And once we can say OK to something, it can become good. Or we can then free up some space to look around and find what else in us or the world is good. And then from good, things can get better and better and better.
The magical thing is to start from finding the good, right here right now. And from this heart-opening, on-your-knees, gratitude-overflowing place of what is already good, you can address what’s not working and help things to move toward better. When I work with women as well as couples, this is where we start – from what’s already good. Only from good, only from appreciating what is so – not what we wish was so – can things get better.
This doesn't mean we ignore the impasses, the real pain. Not at all. We just start in the "right" place, which allows that seemingly elusive third option to emerge and the impasses to turn into ways through.
Any person, but especially a woman, who can find her life and self good, right now, begins the necessary process of filling up. A woman who can find her life and self good, can also relocate her desires, wants and passions, for herself, for others and for life itself, which also begins to fill her up. Full – and fulfilled – women are by nature happy and living their passionate joy.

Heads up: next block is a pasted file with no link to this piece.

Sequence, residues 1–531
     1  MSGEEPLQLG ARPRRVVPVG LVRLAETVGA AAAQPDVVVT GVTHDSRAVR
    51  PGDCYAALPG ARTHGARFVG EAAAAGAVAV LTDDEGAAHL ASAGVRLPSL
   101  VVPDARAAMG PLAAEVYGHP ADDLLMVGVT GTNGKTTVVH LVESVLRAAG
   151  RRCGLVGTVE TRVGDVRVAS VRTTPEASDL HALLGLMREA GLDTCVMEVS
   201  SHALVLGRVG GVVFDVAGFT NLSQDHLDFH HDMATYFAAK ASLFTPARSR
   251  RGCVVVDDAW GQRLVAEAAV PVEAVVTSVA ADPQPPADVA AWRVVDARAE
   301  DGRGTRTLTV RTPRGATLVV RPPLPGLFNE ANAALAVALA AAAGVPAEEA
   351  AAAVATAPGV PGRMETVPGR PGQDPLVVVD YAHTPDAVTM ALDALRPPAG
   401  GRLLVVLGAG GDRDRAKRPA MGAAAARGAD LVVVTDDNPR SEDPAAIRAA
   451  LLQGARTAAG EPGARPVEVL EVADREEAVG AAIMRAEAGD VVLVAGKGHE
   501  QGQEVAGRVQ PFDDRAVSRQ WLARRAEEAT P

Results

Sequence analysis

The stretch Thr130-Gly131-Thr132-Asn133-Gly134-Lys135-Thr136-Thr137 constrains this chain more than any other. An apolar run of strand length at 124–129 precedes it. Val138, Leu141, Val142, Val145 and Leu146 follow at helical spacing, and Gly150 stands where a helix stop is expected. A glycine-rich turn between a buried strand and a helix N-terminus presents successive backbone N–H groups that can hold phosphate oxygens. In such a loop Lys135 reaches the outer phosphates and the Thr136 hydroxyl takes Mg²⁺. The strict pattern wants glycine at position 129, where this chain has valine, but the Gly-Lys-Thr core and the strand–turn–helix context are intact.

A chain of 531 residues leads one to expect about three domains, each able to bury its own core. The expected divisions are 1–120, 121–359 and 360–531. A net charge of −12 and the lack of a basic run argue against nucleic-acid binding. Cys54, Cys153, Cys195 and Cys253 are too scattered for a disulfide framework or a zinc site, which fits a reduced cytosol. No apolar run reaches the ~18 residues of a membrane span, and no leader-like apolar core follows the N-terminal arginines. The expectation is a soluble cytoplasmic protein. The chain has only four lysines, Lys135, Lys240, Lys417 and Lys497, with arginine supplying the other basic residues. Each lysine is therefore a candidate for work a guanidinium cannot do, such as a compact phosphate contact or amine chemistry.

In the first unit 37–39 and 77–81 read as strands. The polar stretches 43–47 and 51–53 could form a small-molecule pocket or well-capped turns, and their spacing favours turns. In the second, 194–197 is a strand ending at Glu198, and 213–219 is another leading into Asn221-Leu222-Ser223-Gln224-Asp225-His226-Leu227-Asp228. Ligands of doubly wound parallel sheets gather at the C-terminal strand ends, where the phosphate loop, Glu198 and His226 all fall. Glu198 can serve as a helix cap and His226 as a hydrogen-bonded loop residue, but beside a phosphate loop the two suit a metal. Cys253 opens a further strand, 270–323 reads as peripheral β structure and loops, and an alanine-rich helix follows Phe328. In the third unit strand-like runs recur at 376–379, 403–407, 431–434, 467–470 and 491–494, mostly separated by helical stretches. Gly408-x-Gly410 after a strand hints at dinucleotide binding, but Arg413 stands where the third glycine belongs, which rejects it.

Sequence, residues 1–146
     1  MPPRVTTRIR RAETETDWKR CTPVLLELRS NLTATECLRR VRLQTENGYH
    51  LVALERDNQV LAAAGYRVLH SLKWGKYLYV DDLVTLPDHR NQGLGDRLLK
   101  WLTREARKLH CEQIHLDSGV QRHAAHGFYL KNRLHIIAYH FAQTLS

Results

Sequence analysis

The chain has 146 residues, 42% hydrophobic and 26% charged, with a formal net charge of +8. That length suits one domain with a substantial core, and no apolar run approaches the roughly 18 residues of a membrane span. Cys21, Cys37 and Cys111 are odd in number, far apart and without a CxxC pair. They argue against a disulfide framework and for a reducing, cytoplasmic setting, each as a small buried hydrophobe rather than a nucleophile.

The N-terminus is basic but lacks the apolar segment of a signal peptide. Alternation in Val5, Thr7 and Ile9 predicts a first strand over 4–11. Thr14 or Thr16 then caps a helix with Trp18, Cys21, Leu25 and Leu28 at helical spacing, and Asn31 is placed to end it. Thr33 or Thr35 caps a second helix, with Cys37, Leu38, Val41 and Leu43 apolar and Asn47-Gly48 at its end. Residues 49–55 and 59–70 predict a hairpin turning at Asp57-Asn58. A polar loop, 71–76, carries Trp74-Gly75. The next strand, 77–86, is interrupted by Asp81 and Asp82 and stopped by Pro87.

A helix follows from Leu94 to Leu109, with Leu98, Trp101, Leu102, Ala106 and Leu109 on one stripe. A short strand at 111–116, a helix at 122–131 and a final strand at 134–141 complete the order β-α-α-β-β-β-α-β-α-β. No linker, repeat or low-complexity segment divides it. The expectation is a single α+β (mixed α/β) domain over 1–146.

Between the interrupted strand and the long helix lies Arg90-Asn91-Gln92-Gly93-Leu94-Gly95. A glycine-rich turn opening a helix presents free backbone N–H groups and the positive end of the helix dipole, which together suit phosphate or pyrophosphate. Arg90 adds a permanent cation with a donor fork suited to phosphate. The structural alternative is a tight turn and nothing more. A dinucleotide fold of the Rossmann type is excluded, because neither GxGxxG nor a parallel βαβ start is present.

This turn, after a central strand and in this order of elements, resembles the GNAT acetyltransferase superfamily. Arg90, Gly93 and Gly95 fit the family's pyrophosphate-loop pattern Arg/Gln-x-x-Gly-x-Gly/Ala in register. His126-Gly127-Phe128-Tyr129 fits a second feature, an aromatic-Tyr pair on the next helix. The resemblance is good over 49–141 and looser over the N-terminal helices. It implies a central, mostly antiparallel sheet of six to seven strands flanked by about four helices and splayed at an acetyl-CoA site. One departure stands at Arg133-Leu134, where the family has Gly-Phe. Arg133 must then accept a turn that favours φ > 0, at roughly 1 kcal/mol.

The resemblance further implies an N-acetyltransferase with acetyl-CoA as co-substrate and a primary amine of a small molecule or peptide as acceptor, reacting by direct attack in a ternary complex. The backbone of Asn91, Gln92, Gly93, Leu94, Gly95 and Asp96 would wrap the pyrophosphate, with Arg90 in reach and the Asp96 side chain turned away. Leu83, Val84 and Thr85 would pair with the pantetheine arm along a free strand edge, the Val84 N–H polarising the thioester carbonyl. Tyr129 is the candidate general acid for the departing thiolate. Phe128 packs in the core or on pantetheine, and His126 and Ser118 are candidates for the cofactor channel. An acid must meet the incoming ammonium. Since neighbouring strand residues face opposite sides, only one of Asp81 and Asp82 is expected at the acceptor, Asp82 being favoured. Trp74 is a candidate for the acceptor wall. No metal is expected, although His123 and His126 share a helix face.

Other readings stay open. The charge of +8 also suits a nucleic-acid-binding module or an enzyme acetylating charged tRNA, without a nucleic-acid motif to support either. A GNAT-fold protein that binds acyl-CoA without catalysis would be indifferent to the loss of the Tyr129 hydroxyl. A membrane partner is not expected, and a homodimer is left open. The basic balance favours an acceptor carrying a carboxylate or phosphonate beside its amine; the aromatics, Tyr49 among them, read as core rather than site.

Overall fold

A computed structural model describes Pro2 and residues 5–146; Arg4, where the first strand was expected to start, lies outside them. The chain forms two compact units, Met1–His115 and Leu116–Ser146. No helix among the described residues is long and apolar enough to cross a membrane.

Women are in need of nourishment, emotionally, physically, spiritually and sensually. A gratified woman is a unique and precious commodity; she is a fountain overflowing. Giving from a surplus (that is naturally created when anything is full) creates more; giving from deficit creates anger and resentment, even if you are really good at hiding it or burying it. A woman in surplus is a delight and a gift to everyone around her. A woman in deficit might just be the meanest, bleakest thing around.
It looks a bit grim, if you look around. Most religious legacies tell us that most of our problems started with the lustful, sinful nature of Eve – and whether or not we personally agree, we have inherited a deep cultural mistrust of women’s sexuality and women’s bodies. Research indicates that between 30-50 percent of women have difficulty or never experience orgasm or satisfying sex. Sexual pleasure is largely defined as penetration, leaving out a lot of other amazing options. The standard for the quality, type and length of orgasm is usually that of a man’s. None of these “norms” of sensual fulfillment (or not) necessarily take into consideration the physiology and make-up of most women.